Mozilla has joined Google in revoking trust for certificates issued by the China Internet Network Information Center (CNNIC) Certificate Authority.
CNNIC is the administrative agency responsible for Internet affairs under the Ministry of Information Industry of the People’s Republic of China, and operates and administers China’s domain name registry, the country’s code top level domain (.cn) and the Chinese Domain Name System.
“As a result of a joint investigation of the events surrounding this incident by Google and CNNIC, we have decided that the CNNIC Root and EV CAs will no longer be recognized in Google products,” Google Security Engineer Adam Langley has announced on Wednesday.
“After reviewing the circumstances and a robust discussion on our public mailing list, we have concluded that CNNIC’s behaviour in issuing an unconstrained intermediate certificate to a company with no documented PKI practices and with no oversight of how the private key was stored or controlled was an “egregious practice’ as per Mozilla’s CA Certificate Enforcement Policy,” Kathleen Wilson, Program Manager at Mozilla, explained on Thursday.
“Therefore, after public discussion and consideration of the scope and impact of a range of options, we have decided to update our code so that Mozilla products will no longer trust any certificate issued by CNNIC’s roots with a notBefore date on or after 1st April 2015.”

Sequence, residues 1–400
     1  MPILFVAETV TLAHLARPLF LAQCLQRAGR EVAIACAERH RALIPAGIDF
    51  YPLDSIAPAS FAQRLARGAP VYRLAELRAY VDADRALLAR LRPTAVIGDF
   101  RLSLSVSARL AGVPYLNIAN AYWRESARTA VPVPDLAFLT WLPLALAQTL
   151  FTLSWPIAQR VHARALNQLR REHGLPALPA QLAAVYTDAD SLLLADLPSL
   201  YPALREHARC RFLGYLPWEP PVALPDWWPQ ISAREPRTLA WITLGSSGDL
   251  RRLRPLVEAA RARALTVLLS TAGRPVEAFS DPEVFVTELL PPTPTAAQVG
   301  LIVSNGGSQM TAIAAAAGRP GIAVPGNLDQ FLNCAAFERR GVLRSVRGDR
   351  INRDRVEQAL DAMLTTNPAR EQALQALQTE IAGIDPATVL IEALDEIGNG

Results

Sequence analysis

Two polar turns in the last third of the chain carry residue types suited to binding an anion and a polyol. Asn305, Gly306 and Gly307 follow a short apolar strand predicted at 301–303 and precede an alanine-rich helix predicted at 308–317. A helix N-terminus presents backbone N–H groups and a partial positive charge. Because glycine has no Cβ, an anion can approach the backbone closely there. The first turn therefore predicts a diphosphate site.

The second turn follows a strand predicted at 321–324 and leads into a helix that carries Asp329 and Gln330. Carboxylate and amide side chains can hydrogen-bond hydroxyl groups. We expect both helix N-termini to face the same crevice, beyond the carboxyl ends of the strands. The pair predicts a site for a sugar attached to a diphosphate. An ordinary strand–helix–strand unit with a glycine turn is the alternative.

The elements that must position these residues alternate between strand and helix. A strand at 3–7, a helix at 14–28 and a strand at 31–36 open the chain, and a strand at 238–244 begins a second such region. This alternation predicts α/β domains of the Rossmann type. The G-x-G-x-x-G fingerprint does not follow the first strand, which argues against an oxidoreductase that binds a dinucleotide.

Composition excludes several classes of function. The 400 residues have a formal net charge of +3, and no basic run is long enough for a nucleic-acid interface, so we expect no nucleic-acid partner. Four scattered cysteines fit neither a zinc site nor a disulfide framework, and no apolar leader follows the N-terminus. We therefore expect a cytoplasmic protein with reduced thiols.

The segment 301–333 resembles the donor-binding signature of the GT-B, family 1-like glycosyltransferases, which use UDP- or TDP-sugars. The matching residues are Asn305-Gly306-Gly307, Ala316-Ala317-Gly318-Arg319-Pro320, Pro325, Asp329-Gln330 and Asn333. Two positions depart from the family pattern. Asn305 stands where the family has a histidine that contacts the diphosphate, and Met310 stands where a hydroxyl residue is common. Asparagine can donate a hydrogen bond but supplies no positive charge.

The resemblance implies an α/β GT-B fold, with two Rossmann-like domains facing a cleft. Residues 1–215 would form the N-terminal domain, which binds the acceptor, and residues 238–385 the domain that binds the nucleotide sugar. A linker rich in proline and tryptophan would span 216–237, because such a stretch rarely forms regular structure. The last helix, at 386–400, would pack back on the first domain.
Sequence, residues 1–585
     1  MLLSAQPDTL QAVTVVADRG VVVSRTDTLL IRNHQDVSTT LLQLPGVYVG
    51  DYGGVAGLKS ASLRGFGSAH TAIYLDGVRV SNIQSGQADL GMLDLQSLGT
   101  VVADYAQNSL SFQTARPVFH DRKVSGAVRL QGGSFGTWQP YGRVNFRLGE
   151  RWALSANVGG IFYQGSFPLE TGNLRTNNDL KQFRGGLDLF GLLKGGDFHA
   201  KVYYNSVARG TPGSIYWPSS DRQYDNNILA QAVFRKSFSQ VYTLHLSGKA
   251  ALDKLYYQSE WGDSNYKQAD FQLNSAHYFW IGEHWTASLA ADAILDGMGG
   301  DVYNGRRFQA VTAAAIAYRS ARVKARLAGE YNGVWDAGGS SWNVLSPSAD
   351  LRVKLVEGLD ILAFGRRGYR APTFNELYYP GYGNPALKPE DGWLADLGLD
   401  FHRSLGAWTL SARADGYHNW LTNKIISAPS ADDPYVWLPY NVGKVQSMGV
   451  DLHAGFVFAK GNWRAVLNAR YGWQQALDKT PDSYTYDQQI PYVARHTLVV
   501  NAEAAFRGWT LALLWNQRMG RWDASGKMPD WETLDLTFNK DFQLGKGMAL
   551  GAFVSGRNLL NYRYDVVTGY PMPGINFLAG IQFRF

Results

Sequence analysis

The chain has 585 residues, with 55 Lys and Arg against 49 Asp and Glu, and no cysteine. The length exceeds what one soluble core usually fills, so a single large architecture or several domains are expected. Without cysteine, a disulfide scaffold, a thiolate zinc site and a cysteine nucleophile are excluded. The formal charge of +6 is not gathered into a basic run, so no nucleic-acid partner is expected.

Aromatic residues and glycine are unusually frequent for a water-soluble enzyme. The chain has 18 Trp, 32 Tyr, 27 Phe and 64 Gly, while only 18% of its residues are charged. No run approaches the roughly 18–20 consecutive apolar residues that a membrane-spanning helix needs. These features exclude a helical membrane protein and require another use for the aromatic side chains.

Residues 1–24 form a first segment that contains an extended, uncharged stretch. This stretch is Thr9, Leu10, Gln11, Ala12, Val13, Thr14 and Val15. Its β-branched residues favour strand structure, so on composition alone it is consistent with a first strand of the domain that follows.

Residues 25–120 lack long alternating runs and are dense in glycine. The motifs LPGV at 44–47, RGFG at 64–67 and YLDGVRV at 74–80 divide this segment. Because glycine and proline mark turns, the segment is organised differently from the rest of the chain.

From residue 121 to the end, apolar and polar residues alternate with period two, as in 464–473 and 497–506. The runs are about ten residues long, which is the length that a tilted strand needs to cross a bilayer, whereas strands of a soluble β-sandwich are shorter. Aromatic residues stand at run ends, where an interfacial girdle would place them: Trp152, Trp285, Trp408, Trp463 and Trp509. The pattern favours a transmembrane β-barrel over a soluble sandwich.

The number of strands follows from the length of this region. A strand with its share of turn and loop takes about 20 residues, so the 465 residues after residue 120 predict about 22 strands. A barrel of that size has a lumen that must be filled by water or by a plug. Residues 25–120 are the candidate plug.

The company will also ask of CNNIC to provide a list of their currently-valid certificates, which they will then make public.
“After the list has been provided, if a certificate not on the list, with a notBefore date before 1 April 2015, is detected on the public Internet by us or anyone else, we reserve the right to take further action,” she noted.
As Google before them, Mozilla said that the change is not permanent, and that CNNIC is welcome to “re-apply for full inclusion in the Mozilla root store” – after making changes that would prevent incidents like this one from happening again.